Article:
Are Schools Failing Introverts?       

by Leigh Anderson
Originally Published: 

My favorite part of school was the library. It was quiet and spacious, and full of not only school books but also “for fun” books. I did best on reading assignments and papers when I could sit at a study carrel, making notes and writing drafts at my own pace, uninterrupted. I did less well in group projects, in which we had to sit at the group library tables, largely due to the sociability of the collaboration and the noise of the other kids. More energy was spent navigating the personalities and negotiating workload than was spent actually learning. The groups required me to be so “on”—using skills I didn’t even really have yet—that I ended the meetings exhausted, still with homework left to do.

Schools, according to Michael Godsey, writing for The Atlantic, are trending toward collaboration, discussions and “interactive” learning, and away from solitary, quiet learning. That means that introverts may lose the way of learning that works best for them: time and quiet to read and research alone, without distractions. Godsey writes:

“The way in which certain instructional trends—education buzzwords like ‘collaborative learning’ and ‘project-based learning’ and ‘flipped classrooms’—are applied often neglect the needs of introverts. In fact, these trends could mean that classroom environments that embrace extroverted behavior—through dynamic and social learning activities—are being promoted now more than ever. These can be appealing qualities in the classroom, of course, but overemphasizing them can undermine the learning of students who are inward-thinking and easily drained by constant interactions with others.”

Godsey notes that, for introverts who feel most engaged when they’re in quiet environments, the forced social interaction of group collaboration can take a toll on them. He interviewed two students who’d been sent to an “alternative” high school—a school for kids who’d struggled in more traditional schools—and found that they’d thrived in the alternative school not so much because their social skills had improved but simply because the new school was quieter than the old school.

When I was a tutor for high school students, I was usually hired to help kids who were struggling to concentrate on their homework and complete it in a timely fashion. When I joined them in their rooms or at the kitchen table, I was often startled at how much distraction kids were expected to endure while ostensibly focusing on their studies. Even at home, parents were coming and going, the phone was ringing, the dogs were barking. My students usually improved when I made some gentle suggestions about turning off the phones, putting the dog outside, and just generally leaving them alone to do their homework.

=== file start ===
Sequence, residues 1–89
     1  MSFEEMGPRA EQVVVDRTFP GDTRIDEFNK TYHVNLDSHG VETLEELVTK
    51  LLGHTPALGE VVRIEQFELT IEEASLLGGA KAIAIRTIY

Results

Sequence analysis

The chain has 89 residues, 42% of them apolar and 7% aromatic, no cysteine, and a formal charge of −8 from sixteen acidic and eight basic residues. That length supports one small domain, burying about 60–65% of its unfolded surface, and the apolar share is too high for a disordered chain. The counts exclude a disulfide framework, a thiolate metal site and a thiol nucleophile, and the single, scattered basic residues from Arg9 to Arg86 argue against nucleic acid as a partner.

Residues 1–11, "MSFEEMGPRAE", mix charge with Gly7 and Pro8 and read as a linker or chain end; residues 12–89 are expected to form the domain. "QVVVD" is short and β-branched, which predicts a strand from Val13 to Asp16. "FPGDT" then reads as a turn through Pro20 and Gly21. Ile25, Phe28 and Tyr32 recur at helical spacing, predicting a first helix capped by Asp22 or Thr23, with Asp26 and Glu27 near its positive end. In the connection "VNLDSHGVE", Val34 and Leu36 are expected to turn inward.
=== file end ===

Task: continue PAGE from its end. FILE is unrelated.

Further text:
Schools, especially large public schools, are anything but quiet and fostering of introspection. An emphasis on collaborative work, and its prerequisite sociability, can be a recipe for disaster for introverts.

So how does this jibe with the “schools are failing boys” trope—the idea that students who can sit still and be quiet (read: girls) are having more success in school than the typical active boy who doesn’t want to sit still? I wonder if the flipped classrooms and group-learning settings aren’t a way to shift the learning style away from everyone sits at her own desk and reads (which worked great for me) to include these more active, social learners.

Godsey does note that group activities can be good for introverts too: “[G]roup activities can serve a purpose in the teaching of introverts. In part because of the Common Core standards and the Internet increasingly serving as a proxy for classroom teachers, ‘cooperative learning’ has grown in popularity among teachers in recent decades. As the English teacher Abigail Walthausen noted in The Atlantic two years ago, ‘Common Core standards place far greater value on small-group discussion and student-led work than on any teacher-led instruction.’ Overall, this trend is a good thing. Several recent studies offer the latest evidence that students who engage in cooperative learning tend to outperform those immersed in traditional learning approaches—namely lectures. But cooperative learning doesn’t have to entail excessively social or overstimulating mandates; it can easily involve quiet components that facilitate internal contemplation.”

I hope that schools can accommodate both kinds of kids, and that by the time my boys are in school and reading, they’ll have plenty of time to hunker in the library. Introverts need space to learn in their own way, just like extroverts do. They can read in the carrel for as long as they need to, and when they’re feeling sociable, well, the big table is only a room away.

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